MANCHESTER DEBUT FOR MK 4s
TRANSPORT FOR Wales has acknowledged that it will need to continue operating Pacer units next year. It has also revealed that its first set of Mk 4 coaches will initially operate between Manchester, Chester and the North Wales coast. TfW’s Class 142 and 143 Pacers are not compliant with the Persons with Reduced Mobility (PRM) standards.
TfW had arranged a cascade which would have enabled the units to be withdrawn by the deadline of 31 December, but key elements of the cascade have been delayed. TfW has 14 Class 142 and 11 Class 143 units used for services in south Wales.
On 3 October, TfW chief executive James Price said: ‘Our plan is to retain some of our Pacer and Class 37 loco-hauled trains for a short period of time in 2020 to allow us to increase capacity of our busiest routes, meaning extra space onboard for our customers.’ This would be subject to TfW receiving a time-limited dispensation to continue operating the trains.
TfW has used two Class 37-hauled sets on peak workings between Rhymney and Cardiff since the summer as a result of continuing delays to the introduction of Class 769 units, which Porterbrook has converted from Class 319 EMUs for diesel operation. Five of the four-car units were ordered in 2017 for entry into passenger service from summer 2018. TfW subsequently ordered a further four units. It now expects Class 769s to become available ‘in the new year’.
GAUGE CLEARANCE ISSUES
TfW Rail Services is leasing 12 Mk 4 vehicles for Holyhead – Cardiff workings, where they will replace the current Mk 3 sets and take over some workings now operated mainly by Class 175s. Modern Railways understands some gauging work remains to be done on the Marches line (Newport to Shrewsbury) for Mk 4 operation and that this is unlikely to be completed before February or March, as a consequence of the large amount of gauging work required across Britain for the introduction of many new and cascaded fleets in a short space of time.
There are no gauging problems for Mk 4s between North Wales and Manchester, where a Class 67 with Mk 3 coaches currently operates a weekdays diagram prioritised around the commuter peaks into and out of Manchester. TfW has confirmed that a Mk 4 set will operate between North Wales and Manchester from December.
TfW hopes to receive a PRM derogation for its Mk 3s. It says the three Mk 4 sets will improve the customer experience, since they have recently been refurbished by Virgin and LNER.
TfW has received cascaded Class 153 units. Porterbrook has agreed to provide nine additional Class 153s until the Class 769s are available, taking TfW’s Class 153 fleet to 22 units. Porterbrook chief executive Mary Grant said: ‘Some of TfW’s plans depend on our innovative Class 769 trains, whose introduction into service has been subject to delays for which we apologise.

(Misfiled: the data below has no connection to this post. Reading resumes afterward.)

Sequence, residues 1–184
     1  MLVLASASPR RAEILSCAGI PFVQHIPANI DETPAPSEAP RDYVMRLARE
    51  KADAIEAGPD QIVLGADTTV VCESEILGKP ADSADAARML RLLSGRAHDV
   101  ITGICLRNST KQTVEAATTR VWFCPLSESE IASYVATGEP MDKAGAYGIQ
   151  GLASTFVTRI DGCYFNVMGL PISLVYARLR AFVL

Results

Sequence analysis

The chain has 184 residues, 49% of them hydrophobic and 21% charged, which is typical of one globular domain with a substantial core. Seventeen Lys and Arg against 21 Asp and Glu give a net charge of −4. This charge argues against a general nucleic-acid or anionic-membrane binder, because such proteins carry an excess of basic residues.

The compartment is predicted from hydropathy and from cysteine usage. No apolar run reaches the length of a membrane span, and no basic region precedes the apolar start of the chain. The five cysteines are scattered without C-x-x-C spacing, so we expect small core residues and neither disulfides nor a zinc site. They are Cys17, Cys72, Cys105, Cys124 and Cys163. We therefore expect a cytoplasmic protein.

We are actively working with TfW and our supply chain to deliver these trains as soon as possible.
In the meantime, we have accelerated delivery of our Class 170 units and are also supplying additional trains to cover for the Class 769s and provide support to TfW and their passengers.’
TfW recently completed its first Class 153 PRM modifications, on unit No 153325. It plans to accelerate the programme but some of the units will remain unmodified at the end of the year. Compliant and non-compliant units could operate in pairs until the programme is complete. Paired ‘153s’ will release Pacers for four-car operation of the Rhymney line, releasing Class 150s for capacity enhancements on the Treherbert, Aberdare and Merthyr Tydfil lines. TfW is due to deploy its Class 170s from December on Cheltenham – Cardiff – Maesteg and Cardiff – Ebbw Vale diagrams. The fleet will initially be captive to those routes. This should reduce the high rate of cancellations on the Cheltenham – Maesteg corridor. Rhodri Clark
ALMOND CHORD TO BE EXAMINED AGAIN
THE SCOTTISH Government is to undertake preliminary work on delivery of the Almond chord, a link between Almond and Winchburgh Junctions.
A £15 million investment will enable options for the Edinburgh Waverley Western Approaches (EWWA) project to be taken forward to Outline Business Case stage.
Options will be explored for a chord with flat junctions at each end, with grade separated junctions at each end, or with grade separation only at Almond Junction. The Scottish Government says the work will help provide understanding of performance benefits and help inform which is the most suitable option, along with a detailed understanding of the potential costs.
The 3km Almond chord was part of the original scope of the Edinburgh Glasgow Improvement Programme (EGIP), but in July 2012 Transport Scotland announced EGIP would be descoped and the chord was cut from the programme.
At the time Transport Scotland said the cost of the chord was £80 million. The chord would offer a second route out of Edinburgh to the main line to Glasgow via Falkirk, and also enable these trains to serve Edinburgh Gateway station, which opened in 2016.